So did you have to do a lot of research for this novel? I’m rereading Jayne Anne Phillip’s novel, “Machine Dreams,” that moves through different eras and there’s a specific language that sets the time period. Was this something you struggled with or did it flow from the pen?

I actually love research! It really opens up what you can do with a story and even provides problems for the writer to solve if he or she is attempting historical accuracy. For instance, one of the chapters on which I was working took place in Kansas in 1951. While I was researching what movies a certain drive-in would be playing in Kansas in June 1951, I discovered that the town in question had flooded and had to work the flood into the story. (The scene was eventually deleted from the novel but found new life as a short story, “Everyone Goes to the Movies,” in The Newport Review.)

I wound up reading a lot about Partition-era Poland, about World War II and, for “1945,” how bodies are processed and buried during battle and where their personal effects are shipped. I also loved Norman Mclean’s Young Men and Fire, about the Mann Gulch fire of 1949, which also makes an appearance in the novel.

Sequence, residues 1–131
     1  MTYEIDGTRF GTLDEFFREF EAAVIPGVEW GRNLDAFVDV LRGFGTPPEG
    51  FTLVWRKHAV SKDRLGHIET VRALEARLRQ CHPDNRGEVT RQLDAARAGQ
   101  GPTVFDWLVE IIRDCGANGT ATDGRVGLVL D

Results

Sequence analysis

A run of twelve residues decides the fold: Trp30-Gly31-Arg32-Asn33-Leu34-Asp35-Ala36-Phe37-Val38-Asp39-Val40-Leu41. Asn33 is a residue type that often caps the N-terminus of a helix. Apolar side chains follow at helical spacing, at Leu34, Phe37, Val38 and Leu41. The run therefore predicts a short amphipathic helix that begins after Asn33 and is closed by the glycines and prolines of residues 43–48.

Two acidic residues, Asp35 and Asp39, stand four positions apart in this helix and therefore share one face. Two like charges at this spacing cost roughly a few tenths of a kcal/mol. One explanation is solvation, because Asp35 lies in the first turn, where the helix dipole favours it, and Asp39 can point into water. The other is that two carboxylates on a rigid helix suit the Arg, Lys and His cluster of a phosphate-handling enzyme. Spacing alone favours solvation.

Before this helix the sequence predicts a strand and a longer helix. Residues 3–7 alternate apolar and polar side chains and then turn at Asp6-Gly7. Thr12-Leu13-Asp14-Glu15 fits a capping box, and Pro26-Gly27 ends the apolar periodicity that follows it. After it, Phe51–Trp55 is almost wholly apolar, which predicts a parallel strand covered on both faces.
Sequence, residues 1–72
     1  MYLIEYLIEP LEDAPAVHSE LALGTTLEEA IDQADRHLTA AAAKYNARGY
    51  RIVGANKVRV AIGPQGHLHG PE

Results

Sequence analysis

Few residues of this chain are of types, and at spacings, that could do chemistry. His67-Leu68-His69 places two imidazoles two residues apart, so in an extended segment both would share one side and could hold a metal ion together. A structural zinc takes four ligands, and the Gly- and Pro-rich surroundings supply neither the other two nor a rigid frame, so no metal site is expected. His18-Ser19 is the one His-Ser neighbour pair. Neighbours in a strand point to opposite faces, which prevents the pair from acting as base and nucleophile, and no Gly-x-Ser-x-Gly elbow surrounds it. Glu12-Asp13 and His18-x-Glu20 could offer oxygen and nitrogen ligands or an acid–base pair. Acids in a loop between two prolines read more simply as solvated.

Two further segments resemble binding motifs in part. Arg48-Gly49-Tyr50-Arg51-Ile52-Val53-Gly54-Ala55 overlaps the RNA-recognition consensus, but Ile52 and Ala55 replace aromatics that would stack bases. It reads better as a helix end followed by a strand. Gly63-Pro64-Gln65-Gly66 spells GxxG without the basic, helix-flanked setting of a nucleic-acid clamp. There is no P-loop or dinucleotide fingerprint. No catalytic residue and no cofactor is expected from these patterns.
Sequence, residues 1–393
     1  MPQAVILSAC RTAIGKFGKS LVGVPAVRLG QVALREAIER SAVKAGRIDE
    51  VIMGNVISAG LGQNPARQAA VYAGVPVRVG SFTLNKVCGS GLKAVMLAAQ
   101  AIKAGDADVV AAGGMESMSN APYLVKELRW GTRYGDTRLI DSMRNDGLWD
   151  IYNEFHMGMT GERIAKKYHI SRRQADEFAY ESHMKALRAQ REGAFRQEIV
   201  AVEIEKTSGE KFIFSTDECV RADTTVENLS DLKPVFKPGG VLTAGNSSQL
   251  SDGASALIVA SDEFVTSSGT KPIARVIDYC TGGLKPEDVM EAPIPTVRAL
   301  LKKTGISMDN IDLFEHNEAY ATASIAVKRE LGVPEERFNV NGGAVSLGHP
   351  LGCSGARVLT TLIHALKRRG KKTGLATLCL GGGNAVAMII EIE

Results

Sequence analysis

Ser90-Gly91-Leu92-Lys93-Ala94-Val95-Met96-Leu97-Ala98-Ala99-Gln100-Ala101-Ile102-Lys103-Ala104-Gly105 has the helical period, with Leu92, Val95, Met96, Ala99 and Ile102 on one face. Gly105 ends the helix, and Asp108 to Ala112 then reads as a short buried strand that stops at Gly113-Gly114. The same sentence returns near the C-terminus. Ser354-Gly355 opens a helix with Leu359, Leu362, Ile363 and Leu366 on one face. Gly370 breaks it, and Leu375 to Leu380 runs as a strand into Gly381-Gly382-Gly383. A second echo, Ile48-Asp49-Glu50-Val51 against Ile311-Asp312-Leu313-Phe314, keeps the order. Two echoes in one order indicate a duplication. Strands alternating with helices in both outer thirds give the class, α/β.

Can you talk about the decision to send the novel out to a contest? Did you send it to other publishers as well?

Black Lawrence Press was the first press I sent it to. A portion of the novel had been a semifinalist in BLP’s chapbook competition the year or two before, so I decided to take a chance and enter the whole novel into the annual Big Moose Prize, once it was finished, to try and capitalize off their previous interest. Plus, I was familiar with their roster and wanted to be a part of it. I don’t regret the decision¾I think there’s such parity these days between smaller presses and large publishers because of the Internet and because of distribution channels that in many ways it’s better to be with a small press, where editors are working on a small catalog of books for each season as opposed to a bigger publisher, where you may be lost among thirty other titles slated to release at the same time. There’s definitely more personalization in terms of more editorial control and in some cases artistic control—I definitely given a role in helping create/choose the covers of the books I’ve got coming out this year with Dzanc, Black Lawrence Press, and Aqueous Books.